The bad days of hunters going out and killing till dark are over. There is some poaching going on but it is usually small scale enough it doesn't actually harm populations. In general hunters and their organizations are a real force for conservation and rehabilitation of natural landscapes. Some of this is from an excise tax on all firearms and ammo, fishing gear and archery equipment that funds national and state fish and game departments.
posted by bartonlong at 6:10 PM on November 14, 2012


I'm sorry to say that even after a night thinking about likely resources, I can't think of a good primer for what you're asking about. It's kind of embarrassing really because I have a lot of opinions about these issues but no summarizing literature to cite.

These questions "Is conservation possible? What does wildlife decline mean for our ecosystems and what are the costs?"* are pretty much the field of conservation biology. The textbook Essentials of Conservation Biology has a section related to applied uses for conservation biology which covers protected areas and management.

Conservation biology is not longer really concerned with hunting in the United States. Most of the extinctions due to over-harvesting happened long enough ago that we've significantly changed the laws and/or lost the sensitive species. In fact, several of the over-harvested species now need to be managed (i.e. killed by people) to keep their numbers down - deer, alligators, various ducks/geese - because their numbers have recovered so well.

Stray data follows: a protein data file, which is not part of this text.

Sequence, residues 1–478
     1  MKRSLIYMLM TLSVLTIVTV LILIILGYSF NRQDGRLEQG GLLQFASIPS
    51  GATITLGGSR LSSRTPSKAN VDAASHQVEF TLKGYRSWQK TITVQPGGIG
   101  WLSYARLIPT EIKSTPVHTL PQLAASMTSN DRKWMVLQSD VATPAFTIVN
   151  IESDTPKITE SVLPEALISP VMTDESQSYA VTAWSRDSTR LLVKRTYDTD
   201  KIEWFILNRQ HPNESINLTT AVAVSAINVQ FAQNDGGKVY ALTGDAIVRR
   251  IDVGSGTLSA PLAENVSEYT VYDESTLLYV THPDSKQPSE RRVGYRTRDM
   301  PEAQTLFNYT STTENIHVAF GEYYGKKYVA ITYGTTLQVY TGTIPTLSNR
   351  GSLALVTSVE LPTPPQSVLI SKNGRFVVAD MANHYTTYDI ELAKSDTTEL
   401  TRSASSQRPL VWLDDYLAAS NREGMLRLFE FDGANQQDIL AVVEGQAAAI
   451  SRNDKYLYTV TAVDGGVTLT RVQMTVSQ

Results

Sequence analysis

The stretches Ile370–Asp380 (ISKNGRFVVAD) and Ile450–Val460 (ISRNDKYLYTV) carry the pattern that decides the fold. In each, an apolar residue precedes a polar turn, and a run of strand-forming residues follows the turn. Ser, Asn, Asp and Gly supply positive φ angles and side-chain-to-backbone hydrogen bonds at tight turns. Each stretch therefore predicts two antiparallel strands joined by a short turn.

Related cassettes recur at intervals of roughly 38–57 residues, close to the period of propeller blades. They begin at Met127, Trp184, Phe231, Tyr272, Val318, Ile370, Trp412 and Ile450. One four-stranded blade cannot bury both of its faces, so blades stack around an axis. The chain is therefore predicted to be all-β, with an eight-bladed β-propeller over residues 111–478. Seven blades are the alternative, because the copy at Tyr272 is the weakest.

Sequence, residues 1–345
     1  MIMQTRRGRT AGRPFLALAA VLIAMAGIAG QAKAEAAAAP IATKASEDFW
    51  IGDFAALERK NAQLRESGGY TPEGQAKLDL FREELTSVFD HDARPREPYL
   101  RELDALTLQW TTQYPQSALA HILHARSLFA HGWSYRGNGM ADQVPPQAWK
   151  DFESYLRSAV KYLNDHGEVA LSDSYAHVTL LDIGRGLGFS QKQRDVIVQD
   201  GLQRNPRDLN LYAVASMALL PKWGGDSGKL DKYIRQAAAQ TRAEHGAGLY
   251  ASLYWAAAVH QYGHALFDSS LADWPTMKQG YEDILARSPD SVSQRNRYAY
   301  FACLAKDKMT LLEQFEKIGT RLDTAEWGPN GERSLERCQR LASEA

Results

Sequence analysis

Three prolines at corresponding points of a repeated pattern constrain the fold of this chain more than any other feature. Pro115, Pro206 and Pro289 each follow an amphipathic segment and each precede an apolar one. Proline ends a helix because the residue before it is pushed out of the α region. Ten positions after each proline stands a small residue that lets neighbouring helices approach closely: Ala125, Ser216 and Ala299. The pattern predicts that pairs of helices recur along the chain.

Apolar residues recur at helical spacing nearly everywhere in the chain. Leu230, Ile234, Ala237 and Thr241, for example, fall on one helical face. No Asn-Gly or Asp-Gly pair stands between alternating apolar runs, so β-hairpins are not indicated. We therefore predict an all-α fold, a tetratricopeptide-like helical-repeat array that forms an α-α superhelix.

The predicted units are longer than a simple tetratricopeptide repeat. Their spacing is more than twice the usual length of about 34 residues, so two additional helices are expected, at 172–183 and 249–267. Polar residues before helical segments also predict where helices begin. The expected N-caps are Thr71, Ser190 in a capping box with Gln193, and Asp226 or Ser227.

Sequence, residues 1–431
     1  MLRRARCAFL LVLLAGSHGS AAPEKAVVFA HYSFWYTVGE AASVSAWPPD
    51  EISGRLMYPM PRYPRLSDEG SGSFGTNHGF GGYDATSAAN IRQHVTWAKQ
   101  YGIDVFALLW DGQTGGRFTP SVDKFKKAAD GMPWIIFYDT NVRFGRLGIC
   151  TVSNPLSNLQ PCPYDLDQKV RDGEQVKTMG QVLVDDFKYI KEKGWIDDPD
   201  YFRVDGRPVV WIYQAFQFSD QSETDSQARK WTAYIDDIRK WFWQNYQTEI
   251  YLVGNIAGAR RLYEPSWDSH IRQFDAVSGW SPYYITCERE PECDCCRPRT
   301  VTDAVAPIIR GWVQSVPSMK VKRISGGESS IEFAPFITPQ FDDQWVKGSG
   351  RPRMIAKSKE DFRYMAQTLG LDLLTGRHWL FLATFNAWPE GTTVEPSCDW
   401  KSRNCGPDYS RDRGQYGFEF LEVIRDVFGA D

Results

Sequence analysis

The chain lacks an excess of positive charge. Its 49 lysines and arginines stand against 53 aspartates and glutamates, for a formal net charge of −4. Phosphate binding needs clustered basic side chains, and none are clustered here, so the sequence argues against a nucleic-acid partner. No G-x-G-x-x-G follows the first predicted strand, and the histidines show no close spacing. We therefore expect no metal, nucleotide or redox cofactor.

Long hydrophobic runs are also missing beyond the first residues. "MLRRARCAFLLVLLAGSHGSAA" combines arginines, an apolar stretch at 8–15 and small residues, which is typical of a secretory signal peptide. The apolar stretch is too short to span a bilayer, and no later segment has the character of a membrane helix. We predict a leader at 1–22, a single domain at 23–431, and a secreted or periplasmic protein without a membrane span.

On the other hand, fragmentation and the effects of urbanization (or suburbanization or exurbanization) are of huge concern in conservation biology. Importantly the benefit of reserves on animal populations has declined because the human impact outside protected areas (e.g. pdf). My first conservation biology teacher told us that conservation wasn't about managing the animals, but managing the people.